It is like forbidding all Pakistanis from calling the ‘Qaumi Tarana’ our ‘National Anthem’. You are merely forbidding translation which means the same thing in a different language. What’s next? You’re going to pass laws that replace ‘Ramazan Sharif’ with ‘Ramadan Qareem’?

Hey! You can’t call it ‘water’! It’s aab.

5. It is regressive

It is a bit too late in human history to be exclusive rather than inclusive. These are the times when tolerance needs to replace intolerance, if we are to keep pace with the rest of the world. To make God a matter of ‘theirs and ours’ is not the way to go about it. The state should not be defining religious terms for its population.

Come on! You’re supposed to know all this, without me having to tell you!

6. It is a waste of time and resources which may go into enforcing this

Seriously, Mian Sahab? You had the time on your schedule for this? Wow, it must be fun to be the prime minister of Pakistan! Can you please ban the vegetable baingan (aubergines) as well? I hate it when my mother – oh I mean waalida – makes those.

Also, how will this law be enforced? Usually, this isn’t the kind of thing I would spend the taxpayer’s money over, if I was the prime minister. Well, maybe that’s just me.

7. It creates misconceptions about Islam

With the rise of radical Islam, the image of Muslims has been greatly tarnished. People in the West have recently grown increasingly sceptical of Muslims and many perceive the religion negatively. Muslims all across the globe are engaged in efforts to reconcile differences, bridge gaps between the Islamic world and the rest of the world, and are making great efforts to better everyone’s understanding of Islam.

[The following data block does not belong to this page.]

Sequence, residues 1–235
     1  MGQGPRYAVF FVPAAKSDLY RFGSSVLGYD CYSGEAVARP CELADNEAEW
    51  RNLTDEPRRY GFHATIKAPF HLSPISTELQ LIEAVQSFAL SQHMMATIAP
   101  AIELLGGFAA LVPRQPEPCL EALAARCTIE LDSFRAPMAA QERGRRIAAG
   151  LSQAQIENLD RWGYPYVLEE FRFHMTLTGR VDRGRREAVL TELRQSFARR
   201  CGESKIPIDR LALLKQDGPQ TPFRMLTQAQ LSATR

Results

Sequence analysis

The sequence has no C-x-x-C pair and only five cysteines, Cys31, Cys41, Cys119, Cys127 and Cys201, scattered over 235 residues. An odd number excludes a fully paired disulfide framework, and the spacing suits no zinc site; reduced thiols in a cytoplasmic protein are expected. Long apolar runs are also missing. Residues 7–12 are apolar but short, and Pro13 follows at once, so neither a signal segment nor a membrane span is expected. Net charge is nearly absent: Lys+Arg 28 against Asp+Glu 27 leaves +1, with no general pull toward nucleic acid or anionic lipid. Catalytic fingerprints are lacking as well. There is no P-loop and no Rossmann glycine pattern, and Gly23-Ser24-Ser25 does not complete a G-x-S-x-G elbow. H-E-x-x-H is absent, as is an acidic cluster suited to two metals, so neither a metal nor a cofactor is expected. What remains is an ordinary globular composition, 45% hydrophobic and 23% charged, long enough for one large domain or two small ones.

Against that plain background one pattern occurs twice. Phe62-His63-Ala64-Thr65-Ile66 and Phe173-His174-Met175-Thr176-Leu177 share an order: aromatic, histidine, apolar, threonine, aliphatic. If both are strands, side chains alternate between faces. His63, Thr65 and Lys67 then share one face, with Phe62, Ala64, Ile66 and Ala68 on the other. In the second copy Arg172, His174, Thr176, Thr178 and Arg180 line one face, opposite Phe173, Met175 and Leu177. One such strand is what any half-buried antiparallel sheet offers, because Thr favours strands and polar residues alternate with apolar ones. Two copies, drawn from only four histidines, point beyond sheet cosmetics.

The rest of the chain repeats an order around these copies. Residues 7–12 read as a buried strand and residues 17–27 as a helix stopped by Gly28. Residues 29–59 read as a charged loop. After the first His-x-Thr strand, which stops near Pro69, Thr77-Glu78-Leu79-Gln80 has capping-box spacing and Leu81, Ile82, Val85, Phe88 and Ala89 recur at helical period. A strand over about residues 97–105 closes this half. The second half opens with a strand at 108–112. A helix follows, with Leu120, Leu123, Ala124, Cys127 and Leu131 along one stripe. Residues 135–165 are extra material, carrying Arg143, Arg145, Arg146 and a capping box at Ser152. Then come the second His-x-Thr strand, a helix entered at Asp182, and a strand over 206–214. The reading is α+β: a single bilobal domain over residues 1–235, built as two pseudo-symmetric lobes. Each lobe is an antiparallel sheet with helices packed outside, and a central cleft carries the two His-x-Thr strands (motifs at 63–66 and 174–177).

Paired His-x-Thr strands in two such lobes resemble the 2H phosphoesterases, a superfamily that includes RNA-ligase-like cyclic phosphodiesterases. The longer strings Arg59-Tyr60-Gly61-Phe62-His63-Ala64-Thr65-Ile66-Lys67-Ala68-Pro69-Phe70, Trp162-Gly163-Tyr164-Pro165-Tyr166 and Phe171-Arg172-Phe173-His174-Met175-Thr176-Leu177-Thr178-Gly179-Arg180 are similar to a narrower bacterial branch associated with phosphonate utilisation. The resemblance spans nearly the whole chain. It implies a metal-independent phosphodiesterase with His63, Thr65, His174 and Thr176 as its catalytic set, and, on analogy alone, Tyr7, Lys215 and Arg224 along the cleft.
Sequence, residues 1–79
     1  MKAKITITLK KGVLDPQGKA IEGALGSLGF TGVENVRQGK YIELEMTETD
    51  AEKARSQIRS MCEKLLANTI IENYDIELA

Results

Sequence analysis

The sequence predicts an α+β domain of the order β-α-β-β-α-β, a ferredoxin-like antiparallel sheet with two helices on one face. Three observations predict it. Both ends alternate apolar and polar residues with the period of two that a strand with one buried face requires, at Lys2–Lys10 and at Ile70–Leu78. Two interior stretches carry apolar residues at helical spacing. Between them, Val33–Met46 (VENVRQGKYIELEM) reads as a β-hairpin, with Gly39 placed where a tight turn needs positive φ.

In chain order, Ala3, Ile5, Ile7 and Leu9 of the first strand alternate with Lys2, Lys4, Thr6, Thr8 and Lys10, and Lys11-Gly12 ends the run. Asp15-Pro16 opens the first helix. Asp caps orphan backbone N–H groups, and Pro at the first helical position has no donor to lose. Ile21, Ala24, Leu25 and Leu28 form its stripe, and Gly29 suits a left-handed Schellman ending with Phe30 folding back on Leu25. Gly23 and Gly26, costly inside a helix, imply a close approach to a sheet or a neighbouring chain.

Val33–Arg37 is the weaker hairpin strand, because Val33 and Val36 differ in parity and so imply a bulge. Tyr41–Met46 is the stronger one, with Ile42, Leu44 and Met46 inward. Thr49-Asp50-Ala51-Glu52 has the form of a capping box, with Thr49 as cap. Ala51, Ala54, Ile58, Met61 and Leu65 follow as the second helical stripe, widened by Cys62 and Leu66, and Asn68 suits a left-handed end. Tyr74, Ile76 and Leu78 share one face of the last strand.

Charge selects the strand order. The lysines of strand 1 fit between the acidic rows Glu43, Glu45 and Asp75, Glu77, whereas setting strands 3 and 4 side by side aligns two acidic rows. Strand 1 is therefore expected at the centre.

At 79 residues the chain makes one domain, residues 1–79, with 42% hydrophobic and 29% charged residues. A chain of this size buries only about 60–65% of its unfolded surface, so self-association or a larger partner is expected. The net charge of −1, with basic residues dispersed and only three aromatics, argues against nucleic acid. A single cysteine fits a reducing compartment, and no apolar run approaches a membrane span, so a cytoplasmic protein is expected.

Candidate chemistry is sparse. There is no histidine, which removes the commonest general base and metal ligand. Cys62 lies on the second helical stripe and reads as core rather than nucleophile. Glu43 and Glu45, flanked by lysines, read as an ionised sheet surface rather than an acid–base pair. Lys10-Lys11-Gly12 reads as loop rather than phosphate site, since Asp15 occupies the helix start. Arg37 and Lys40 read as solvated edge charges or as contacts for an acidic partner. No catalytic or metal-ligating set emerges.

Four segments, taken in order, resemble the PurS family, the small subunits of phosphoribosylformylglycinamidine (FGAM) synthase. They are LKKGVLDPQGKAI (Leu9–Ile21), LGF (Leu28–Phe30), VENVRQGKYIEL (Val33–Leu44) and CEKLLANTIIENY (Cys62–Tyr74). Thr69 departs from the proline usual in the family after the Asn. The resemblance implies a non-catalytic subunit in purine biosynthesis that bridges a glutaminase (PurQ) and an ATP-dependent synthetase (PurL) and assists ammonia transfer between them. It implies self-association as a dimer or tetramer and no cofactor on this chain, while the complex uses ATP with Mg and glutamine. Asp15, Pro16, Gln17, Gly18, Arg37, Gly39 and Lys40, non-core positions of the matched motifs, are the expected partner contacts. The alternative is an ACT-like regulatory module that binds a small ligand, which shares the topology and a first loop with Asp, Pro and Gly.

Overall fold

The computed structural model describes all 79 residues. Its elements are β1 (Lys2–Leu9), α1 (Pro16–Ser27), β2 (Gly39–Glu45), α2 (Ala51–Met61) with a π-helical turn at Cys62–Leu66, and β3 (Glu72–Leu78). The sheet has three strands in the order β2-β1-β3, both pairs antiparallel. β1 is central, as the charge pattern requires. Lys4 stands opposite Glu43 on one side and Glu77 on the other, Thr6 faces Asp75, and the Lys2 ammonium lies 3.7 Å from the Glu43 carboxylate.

To separate ‘Allah (SWT)’ and God and prayer and ‘salaat’ would only cause further confusion and hamper a better understanding. Such narrow mindedness would also repel potential converts, as this unwelcoming and virtually hostile gesture hints a lack of intellectual growth in Islamic thought.

8. It makes Pakistan look backward

When the prime minister of an Islamic country makes such an exaggerated gesture of over-religiosity, it makes him appear as a right-wing aficionado and his country will be perceived as backwardly conservative. As much as that may be true, there is absolutely no need to further highlight it. The whole world would point at us and say,
“Look! It’s 2015 and the Muslims of Pakistan are still not over the God versus Allah (SWT) debate!”

Are we?
Hashim Bukhari The author is somewhat of a musician from Lahore with a deep interest in history, science, religion, and sociology. He is studying political science at UBC and trying to balance it with a law degree from University of London. He tweets as @hashNhisstories
The views expressed by the writer and the reader comments do not necassarily reflect the views and policies of the Express Tribune.


Shajar School | 7 years ago | Reply Arabic is a human language and we should teach 3 language first urdu english and Arabic....
abhi | 7 years ago | Reply then whats wrong in Saying oh my God?